- The outcome: the high-whip meringue had great volume, but as you can see from these photos, the medium-speed meringue was silky smooth and the high-speed meringue was coarser. Whipping on high speed created larger bubbles which, in the baked cake, made for a coarser texture.
I also did a test using a hand mixer rather than my stand mixer. I’m sorry to say, but the texture of the cake made with hand mixer was a little more rubbery than the original cake. If you only own a hand mixer you can make a pretty good cake anyway. But in all honestly, the stand mixer does a better job.
Over all the Angel Food Cake experiments, the most drastic difference happened in the last test.
How to cool the cake:
- All recipes, including mine, direct you to bake the cake in an ungreased pan. The batter will stick to the ungreased pan while it bakes and after it comes out of the oven. Usually you don’t want a cake to stick to the pan, but it’s essential for this recipe. (Oh, and for this reason never use a non-stick pan for Angel Food Cake.)
- Since the baked cake is stuck to the bottom (and sides and middle) of the pan, you can flip the pan over onto the cooling rack as soon as it comes out of the oven. This cake has a very delicate texture when it’s warm so it needs the pan to help it stay in place until it is completely set.
- You can see the difference between the two cakes in the photo. The tall cake was completely cooled, upside down, in the pan. The shorter cake was removed from the pan after about 10 minutes, while it was still warm. Same recipe, same mixing technique, two totally different results.
Ok, I know that was A LOT of information. So here’s a handy list of Angel Food Cake do’s and don’ts:
- Use fresh egg whites, not pasteurized. Frozen fresh whites are fine.
- Use a clean bowl and whisk, a tiny bit of grease will collapse the egg whites.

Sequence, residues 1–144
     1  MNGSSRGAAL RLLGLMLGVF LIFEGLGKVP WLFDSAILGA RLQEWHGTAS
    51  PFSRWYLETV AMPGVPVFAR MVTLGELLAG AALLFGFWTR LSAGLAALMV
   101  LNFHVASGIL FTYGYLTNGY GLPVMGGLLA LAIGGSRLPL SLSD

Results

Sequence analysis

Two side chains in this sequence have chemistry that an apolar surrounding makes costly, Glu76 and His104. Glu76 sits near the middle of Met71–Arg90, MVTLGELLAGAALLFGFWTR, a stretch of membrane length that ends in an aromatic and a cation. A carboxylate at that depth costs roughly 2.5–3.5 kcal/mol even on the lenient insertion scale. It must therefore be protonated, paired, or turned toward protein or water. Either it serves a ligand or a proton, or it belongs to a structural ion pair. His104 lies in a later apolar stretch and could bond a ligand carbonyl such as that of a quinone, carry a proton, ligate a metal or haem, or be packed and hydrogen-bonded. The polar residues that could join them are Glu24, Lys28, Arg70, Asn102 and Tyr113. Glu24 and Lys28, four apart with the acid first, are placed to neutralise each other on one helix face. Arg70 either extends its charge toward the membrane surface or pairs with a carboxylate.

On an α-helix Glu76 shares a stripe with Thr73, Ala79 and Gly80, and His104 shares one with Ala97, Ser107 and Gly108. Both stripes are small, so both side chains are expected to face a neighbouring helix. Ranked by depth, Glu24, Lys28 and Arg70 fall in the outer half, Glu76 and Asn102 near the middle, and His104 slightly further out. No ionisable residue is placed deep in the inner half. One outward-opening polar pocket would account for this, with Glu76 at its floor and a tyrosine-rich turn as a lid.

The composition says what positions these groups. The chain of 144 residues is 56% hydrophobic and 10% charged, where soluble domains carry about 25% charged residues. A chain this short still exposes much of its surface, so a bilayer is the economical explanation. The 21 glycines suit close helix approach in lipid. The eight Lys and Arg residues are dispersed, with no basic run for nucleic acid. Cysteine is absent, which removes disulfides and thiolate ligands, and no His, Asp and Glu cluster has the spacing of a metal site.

- Whip the whites on medium/medium high.
- Don’t add the sugar until the whites reach soft peak, then add slowly.
- Fold the flour into the meringue with a spatula just until combined.
- Use a tube pan so the cake bakes from the middle and sides.
- Don’t grease the pan and don’t use a non-stick pan.
- Cool the cake upside down.
Do you think everything is better with chocolate? Then check out my Chocolate Angel Food Cake recipe.
Watch the recipe video to see how to make a perfect Angel Food Cake.
Now that you’ve made this recipe what should you do with the extra yolks? Check out this collection of recipes that use extra yolks for some great ideas.
If you love this recipe as much as I do, please consider leaving a 5-star review:
- 1 1/2 cups (12 oz, 340g) sugar, divided
- 1 cup (4.5 oz,125g) cake flour
- 1/4 teaspoon salt
- 12 egg whites (14 oz, 392g)
- 1 teaspoon cream of tartar
- 1/4 cup (2 oz, 56g) water
- 2 teaspoons vanilla extract
- Preheat the oven to 350F. Have an angel food pan, or tube pan, ungreased, ready for the batter.
- Into a medium bowl sift the flour, 3/4 cup sugar and the salt. Whisk the ingredients together to distribute the salt and sugar evenly. Set aside.
- In a large mixer bowl or in the bowl of a stand mixer, whisk the egg whites on medium speed (#6-7) until frothy. Add the cream of tartar and continue whipping until soft peaks form. With the mixer running, gradually add the remaining 3/4 cup of sugar. Increase the speed to medium-high (#7-8) and continue whipping until stiff peaks are formed. The total whipping time will be about 8-10 minutes.
- Add the vanilla and the water and whip back to full peak.
- Sift 1/3 of the flour mixture over the meringue and use a spatula to fold in the flour until it's almost incorporated. Sift and fold in the remaining flour mixture in two batches. Fold just until all the flour is incorporated. The batter will still be quite fluffy.
- Scoop the batter into the tube pan and spread to even layer. Bake until the cake is lightly browned and springs back when pressed or a toothpick inserted in the center comes out clean, about 35-40 minutes.
- Remove the pan from the oven and immediately invert the pan over a cooling rack. Leave the pan inverted until the cake is completely cool.
- Run a small spatula or paring knife around the sides of the cake to loosen and release the cake from the pan.
- The cake will keep, well-wrapped, at room temperature for several days.